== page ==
Copyright 2014 Dayton Newspapers, Inc.
Dayton Daily News (Ohio)
It's cold outside, but inside some yoga studios, it's hot ... very hot.
As the hot yoga craze continues to sizzle and devotees willingly sweat buckets while twisting, bending and stretching their bodies through various poses, we wanted to take a closer look at just what this hot fitness trend is, what the benefits are, and why it's become a favorite form of exercise for so many.
We asked Devon Schmidt, owner of and instructor at Day Yoga Studio in Dayton (located in the University of Dayton area); Stacey Harris, a certified personal/fitness trainer with Lifetime Fitness in Mason; and Dr. Robert Kominiarek, a board certified family physician with expertise in health, fitness and nutrition. Kominiarek is the host of "Americas FitnessDoctor.TV," a series of online webisodes on weight loss, as well as the author of "The Bride's Quick Guide to Weight Loss," "16 Minutes a Day, An Energizing Weight Loss Plan" and "The N.E.W.R. You, A Doctor's Simple Solution to an Energetic, Healthier and Sexier You."
What is hot yoga ?
Generally speaking, hot yoga can refer to any yoga class done in a heated room, with a maintained temperature of anywhere between 95 to 100 degrees Fahrenheit and an approximate humidity level of 40 percent.
The classes, which can last from 60 to 90 minutes, consist of participants moving through 26 different poses with synchronized breathing.
"Generally speaking, anyone can do hot yoga," said Schmidt.
"We have all ages coming to class - mothers and daughters, men, preteens, even the elderly. Everyone goes at their own pace."
Victoria Court of Kettering is a client at Day Yoga Studio. She's been doing hot yoga for two years and loves it.
"The great thing about yoga, which the teachers at Day Yoga Studio are always there to remind their students, is that everyone is at a different pace in their own practice.
"So, in any hot yoga class, there will be advanced yogis contorting themselves in mind-bending ways, there will be intermediate yogis and there will be brand-new yogis attending their first yoga class," said Court. "I can't get enough. I literally do it every day."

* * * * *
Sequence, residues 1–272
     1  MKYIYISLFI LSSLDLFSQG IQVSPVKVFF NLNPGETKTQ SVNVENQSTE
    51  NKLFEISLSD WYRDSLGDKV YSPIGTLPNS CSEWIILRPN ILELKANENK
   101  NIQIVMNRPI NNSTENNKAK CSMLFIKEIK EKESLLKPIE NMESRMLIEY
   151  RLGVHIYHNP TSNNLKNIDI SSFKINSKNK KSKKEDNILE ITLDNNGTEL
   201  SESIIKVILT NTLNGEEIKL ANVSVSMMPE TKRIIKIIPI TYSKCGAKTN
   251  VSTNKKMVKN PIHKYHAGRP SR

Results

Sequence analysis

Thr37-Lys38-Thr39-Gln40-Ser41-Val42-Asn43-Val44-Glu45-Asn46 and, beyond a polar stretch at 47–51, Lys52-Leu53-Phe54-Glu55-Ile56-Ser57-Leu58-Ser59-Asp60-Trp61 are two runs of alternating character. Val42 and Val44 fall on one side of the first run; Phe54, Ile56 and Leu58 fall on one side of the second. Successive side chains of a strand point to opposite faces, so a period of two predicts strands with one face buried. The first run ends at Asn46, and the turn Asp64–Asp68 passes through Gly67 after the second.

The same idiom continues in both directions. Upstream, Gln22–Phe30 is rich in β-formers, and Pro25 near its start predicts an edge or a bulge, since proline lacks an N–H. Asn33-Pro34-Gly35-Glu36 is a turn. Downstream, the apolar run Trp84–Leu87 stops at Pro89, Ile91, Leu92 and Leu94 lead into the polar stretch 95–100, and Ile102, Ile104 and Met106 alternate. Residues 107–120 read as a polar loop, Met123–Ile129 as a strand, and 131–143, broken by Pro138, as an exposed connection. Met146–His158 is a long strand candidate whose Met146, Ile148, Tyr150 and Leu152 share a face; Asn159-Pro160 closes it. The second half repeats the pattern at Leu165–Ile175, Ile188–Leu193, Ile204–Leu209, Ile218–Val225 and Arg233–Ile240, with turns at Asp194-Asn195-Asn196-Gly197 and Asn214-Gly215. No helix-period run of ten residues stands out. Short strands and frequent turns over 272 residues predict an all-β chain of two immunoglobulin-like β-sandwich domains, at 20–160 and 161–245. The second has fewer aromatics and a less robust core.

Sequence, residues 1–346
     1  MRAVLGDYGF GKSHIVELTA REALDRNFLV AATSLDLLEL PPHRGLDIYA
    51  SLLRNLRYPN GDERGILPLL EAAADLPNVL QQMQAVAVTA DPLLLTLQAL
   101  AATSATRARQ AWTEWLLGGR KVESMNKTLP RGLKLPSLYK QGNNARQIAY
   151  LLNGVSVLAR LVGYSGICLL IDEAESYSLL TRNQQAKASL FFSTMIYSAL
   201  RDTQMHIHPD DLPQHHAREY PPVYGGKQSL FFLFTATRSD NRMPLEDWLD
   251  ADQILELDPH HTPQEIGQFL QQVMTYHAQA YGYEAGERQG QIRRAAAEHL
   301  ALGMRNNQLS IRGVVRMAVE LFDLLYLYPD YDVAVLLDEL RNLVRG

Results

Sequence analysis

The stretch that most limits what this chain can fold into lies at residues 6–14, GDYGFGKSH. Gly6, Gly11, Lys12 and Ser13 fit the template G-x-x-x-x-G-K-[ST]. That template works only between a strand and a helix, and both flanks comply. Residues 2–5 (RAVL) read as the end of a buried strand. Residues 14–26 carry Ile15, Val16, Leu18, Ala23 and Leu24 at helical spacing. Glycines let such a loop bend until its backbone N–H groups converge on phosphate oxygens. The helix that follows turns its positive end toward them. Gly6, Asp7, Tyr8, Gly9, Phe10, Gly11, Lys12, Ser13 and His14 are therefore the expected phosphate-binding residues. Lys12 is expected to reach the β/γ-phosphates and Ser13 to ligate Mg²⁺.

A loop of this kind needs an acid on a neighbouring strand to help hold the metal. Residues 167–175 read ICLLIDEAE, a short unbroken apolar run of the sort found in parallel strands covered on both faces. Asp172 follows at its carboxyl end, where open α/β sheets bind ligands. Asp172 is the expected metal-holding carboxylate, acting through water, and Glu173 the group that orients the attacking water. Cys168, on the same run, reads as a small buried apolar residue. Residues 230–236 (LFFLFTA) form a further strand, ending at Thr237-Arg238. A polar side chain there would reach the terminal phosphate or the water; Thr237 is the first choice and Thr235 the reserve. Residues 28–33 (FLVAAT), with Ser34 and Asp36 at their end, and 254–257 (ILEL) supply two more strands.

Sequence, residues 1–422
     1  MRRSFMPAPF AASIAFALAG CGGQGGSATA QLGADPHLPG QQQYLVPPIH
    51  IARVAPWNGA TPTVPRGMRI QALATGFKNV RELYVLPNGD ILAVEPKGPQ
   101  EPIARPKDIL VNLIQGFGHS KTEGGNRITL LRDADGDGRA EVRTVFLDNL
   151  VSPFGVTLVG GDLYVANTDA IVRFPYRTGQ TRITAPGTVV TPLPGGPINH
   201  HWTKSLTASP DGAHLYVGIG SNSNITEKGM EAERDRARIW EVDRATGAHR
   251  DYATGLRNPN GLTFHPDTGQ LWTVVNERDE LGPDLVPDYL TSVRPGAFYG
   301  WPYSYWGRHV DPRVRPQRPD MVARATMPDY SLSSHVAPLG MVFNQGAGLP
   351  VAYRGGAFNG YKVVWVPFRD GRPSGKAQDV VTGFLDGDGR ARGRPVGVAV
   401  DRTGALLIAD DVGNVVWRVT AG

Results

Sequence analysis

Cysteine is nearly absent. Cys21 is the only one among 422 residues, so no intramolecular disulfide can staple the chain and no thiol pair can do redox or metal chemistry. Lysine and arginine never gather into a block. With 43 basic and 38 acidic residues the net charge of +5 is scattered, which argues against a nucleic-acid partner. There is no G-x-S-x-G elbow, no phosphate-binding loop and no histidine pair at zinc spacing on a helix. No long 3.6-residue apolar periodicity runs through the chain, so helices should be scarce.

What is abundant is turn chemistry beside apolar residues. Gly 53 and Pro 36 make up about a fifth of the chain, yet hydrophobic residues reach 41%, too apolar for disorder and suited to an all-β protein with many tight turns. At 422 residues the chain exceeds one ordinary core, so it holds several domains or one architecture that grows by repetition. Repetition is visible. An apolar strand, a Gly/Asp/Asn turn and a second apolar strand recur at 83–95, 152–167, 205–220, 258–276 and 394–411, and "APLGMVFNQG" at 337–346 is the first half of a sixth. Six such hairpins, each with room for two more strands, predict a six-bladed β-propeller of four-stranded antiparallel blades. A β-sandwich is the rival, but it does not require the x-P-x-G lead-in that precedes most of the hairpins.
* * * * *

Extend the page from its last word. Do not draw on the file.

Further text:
What are the benefits?
Like standard yoga, hot yoga has physical and mental benefits.
Mentally speaking, it's been known to bring about greater calmness and clarity, reduce stress and increase body awareness.
Physically speaking, it can improve balance, as well as tone, strengthen and lengthen muscles.
However, the warm temperature and continuous movement involved with hot yoga results in a great deal of sweating, much more than in a typical yoga class. The belief is that participants of hot yoga can release various toxins from the body through the intense sweating.
"Hot yoga is much more detoxifying than traditional yoga because you're sweating so much," said Schmidt. "Plus, the warmth in hot yoga allows you to go deeper into the stretches, increasing flexibility and blood circulation."
Harris not only recommends it for clients, but is also a regular at hot yoga classes.
"I do hot yoga all the time - it's awesome" said Harris. "The heat really allows the muscles and tendons to get better blood flow and become a lot more elastic to get the deeper stretches."
Is hot yoga better?
"All yoga is good for improving strength, fitness, breathing, and relaxation. Incorporating one or two yoga classes per week is a great way to improve your overall fitness and great for couples to participate in together to strengthen their relationship," said Kominiarek.
However, the doctor said, "The benefit of hot yoga over regular yoga may well be just perception, as a recent study by The American Council on Exercise demonstrated no difference in 20 individuals' heart rates over a 60 minute hot vs. regular yoga class.
"For those individuals who prefer a warmer environment while they exercise, hot yoga just may be the ticket," he explained.
What to wear
Form-fitting capris or yoga pants are great, as are close-fitting tank tops and sports bras.
Shorts are fine but keep in mind that legs will become very sweaty and slippery, making some poses more difficult.
Avoid loose fitting clothes: They tend to be cumbersome and uncomfortable once the profuse sweating starts.
Bring your own yoga mat if possible - you'll be happy you did after sweating so much - a bottle of water, and a small towel.
Many studios have these items to rent.
Schmidt advises clients to drink plenty of water before, during and after class to maintain hydration and to avoid eating two to three hours before class. If you must eat, keep it light.
To avoid injuries due to over-stretching, Schmidt says she and her fellow instructors are diligent about constantly reminding clients to listen to their bodies.
"We really encourage our students to listen to their bodies - to be mindful, deliberate and take their time and not force anything," said Schmidt.
The American Council on Exercise study found that hot yoga done in a room with a maintained temperature between 90 to 95 degrees Fahrenheit posed no increased risk to the average exerciser.
Of note, the study did not look at how higher temperatures, like those typical of Bikram yoga that is practiced at 105 degrees or higher, adversely affect the body.
Additionally, Kominiarek advises those with serious chronic medical issues, fragile medical conditions, heart conditions and diabetes to proceed with caution and to advise their instructors of their medical condition so the instructors can keep on eye on them.
Said Kominiarek, "As with all people starting a new exercise routine or beginning exercise, seek medical clearance first, start slow and advance slowly."
Contact this contributing writer at firstname.lastname@example.org